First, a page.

At more than $4 trillion, healthcare spending in the United States accounts for nearly 20% of gross domestic product (GDP), a far greater share than other Organization for Economic Cooperation (OECD) countries. There are many reasons for this disparity, but inefficiency and ineffectiveness in purchasing and payments loom large among them.
It’s Everybody’s Business
This is a problem not only for the sector itself, but for every sector of the economy. Healthcare costs represent over 7% of payroll costs, money that could otherwise flow into employee or shareholder discretionary income. In addition, public sector healthcare expenditures account for 24% of government spending, imposing commensurate corporate and consumer tax burden. Furthermore, every employee is a patient. Thus, we all have an interest in making the sector more efficient and effective, cutting costs while not only preserving, but perfecting, quality of care.
In practice, that means sparing healthcare professionals and clinical facilities from the cost cutting scalpel in favor of excising inefficiency and ineffectiveness, fraud, waste and supply chain snafus from the system.
Low-Hanging Fruit: Paperwork
While suppliers prefer automated clearing house (ACH) and direct deposit payments, their customers still make up to 85% of their payments by check or other paper-based methods, as reported in the B2B Payments in Healthcare Tracker, a PYMNTS and American Express collaboration.
In part, this is because “healthcare is different,” the Tracker found. A large percentage of healthcare purchasing goes through group purchasing organizations (GPOs). These purchasing middlemen, largely absent from other sectors, add an extra layer of complexity to the digitization equation. Healthcare is a “must-have,” not a “nice-to-have,” which, in combination with the moral hazard of third-party payment (60% of it from the public sector), means that the industry has experienced less pressure to modernize, digitize and automate back-office functions such as purchasing and payments.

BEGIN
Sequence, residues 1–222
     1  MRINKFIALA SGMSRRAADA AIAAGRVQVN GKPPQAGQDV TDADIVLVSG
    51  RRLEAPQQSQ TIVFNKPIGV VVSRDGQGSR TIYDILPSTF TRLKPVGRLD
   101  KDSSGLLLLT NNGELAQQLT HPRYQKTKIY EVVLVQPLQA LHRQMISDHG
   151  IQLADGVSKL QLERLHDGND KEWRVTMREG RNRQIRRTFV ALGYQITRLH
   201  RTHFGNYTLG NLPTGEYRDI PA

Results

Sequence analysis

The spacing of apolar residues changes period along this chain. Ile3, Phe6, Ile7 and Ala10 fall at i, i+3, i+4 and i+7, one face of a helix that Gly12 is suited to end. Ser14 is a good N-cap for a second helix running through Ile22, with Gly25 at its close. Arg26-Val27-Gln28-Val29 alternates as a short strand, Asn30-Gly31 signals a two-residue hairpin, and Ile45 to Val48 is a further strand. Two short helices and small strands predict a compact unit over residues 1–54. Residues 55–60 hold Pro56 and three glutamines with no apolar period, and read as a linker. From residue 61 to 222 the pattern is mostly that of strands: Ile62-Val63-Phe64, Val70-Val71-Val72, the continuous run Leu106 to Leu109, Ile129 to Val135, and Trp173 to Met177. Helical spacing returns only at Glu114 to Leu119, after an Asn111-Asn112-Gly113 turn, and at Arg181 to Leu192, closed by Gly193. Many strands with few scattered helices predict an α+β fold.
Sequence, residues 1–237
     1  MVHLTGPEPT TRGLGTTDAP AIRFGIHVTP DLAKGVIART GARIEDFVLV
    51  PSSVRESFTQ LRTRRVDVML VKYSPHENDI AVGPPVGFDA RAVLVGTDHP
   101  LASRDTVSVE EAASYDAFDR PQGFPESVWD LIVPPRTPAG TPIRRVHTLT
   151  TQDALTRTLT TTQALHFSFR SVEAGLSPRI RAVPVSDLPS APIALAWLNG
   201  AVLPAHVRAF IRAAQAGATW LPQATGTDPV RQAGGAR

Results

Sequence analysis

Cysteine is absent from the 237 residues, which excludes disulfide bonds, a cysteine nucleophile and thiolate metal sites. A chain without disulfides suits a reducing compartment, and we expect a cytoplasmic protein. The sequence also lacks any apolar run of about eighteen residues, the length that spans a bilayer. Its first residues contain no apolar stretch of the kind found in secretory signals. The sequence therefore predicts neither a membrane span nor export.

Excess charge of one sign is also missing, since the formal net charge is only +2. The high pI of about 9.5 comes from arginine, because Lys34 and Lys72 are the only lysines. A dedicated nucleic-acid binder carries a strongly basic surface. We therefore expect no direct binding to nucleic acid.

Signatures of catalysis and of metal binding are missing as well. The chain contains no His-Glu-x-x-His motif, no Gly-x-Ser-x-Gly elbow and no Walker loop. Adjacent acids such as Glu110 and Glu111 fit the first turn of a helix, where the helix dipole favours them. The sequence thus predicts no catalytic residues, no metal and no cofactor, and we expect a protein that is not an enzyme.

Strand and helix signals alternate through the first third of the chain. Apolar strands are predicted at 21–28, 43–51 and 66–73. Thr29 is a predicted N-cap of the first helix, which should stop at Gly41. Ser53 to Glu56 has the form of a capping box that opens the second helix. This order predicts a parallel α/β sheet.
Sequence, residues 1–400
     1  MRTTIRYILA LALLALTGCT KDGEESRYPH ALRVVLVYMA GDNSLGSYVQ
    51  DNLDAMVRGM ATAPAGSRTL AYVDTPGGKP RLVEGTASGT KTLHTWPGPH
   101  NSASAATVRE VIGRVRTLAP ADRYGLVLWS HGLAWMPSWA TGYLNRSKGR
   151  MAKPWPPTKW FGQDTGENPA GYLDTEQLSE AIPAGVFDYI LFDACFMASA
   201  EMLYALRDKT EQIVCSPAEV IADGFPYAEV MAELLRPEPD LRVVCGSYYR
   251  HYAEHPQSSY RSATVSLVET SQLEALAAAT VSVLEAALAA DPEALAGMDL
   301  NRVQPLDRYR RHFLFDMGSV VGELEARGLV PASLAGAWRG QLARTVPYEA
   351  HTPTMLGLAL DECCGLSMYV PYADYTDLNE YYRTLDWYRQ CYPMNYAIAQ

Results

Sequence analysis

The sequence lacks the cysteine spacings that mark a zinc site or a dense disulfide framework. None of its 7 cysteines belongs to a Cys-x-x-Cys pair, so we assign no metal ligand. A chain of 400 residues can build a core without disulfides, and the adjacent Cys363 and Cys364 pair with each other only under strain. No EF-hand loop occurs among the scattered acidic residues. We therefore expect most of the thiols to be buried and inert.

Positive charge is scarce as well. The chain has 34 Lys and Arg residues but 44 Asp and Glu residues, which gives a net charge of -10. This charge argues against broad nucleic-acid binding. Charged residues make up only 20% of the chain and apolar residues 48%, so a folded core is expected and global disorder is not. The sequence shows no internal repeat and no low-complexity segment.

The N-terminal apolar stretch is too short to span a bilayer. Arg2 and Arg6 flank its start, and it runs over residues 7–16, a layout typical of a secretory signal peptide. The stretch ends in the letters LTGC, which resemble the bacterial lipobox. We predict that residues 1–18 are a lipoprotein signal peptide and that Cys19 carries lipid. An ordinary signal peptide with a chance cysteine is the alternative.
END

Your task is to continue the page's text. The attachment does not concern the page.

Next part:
The prevalence of third-party payment also means that a substantial fraction of transactions between providers and patients are financially disintermediated by what amount to B2B transactions with payers including Medicare, Medicaid and myriad private insurers such as Blue Cross Blue Shield, Humana and Aetna. Each of these businesses have their own rules and regulations.
While automation and digitization have taken hold in this aspect of the B2B portion of healthcare, there are still substantial friction points. In some cases, payers are known to deliberately impose archaic paperwork or even document fading to discourage certain types of claims.
In essence, financial transactions between healthcare providers and consumers (aka patients) amount to hybrid B2B/direct-to-consumer (D2C) transactions. Companies like Care Credit have stepped into this gap to interject what amounts to buy now, pay later (BNPL) solutions to finance the patient portion of payments, improving cash flow for healthcare businesses and financing benefits to patients. Alternatively, patients have the option to use credit cards to satisfy their financial responsibilities.
Change in the Air
The Inflation Reduction Act likely to be enacted this month includes a striking provision: authorizing the federal government to negotiate Medicare pricing for a limited number of prescription drugs. Pharma had managed to win this battle ever since the enactment of the program in 1965, but now, at least on a limited basis, Medicare will join the ranks of other public sector programs (the Defense and Veterans Affairs departments and Medicaid, the hybrid federal-state program to fund care for patients in financial need) in price negotiations with pharma.
This breakthrough is indicative of renewed government will to overhaul healthcare costs, joining forces with longstanding private sector efforts.
Private sector initiatives have made heavy use of co-pays and other patient pass-throughs which use price elasticity of demand to reduce volume. This is a blunt instrument, which, like cuts to healthcare provider investments, runs the risk of jeopardizing quality.
Thus, the best way forward is to reduce general and administrative expenses in the field. Given that 85% of transactions are still paper based, there is a lot of fat to cut.
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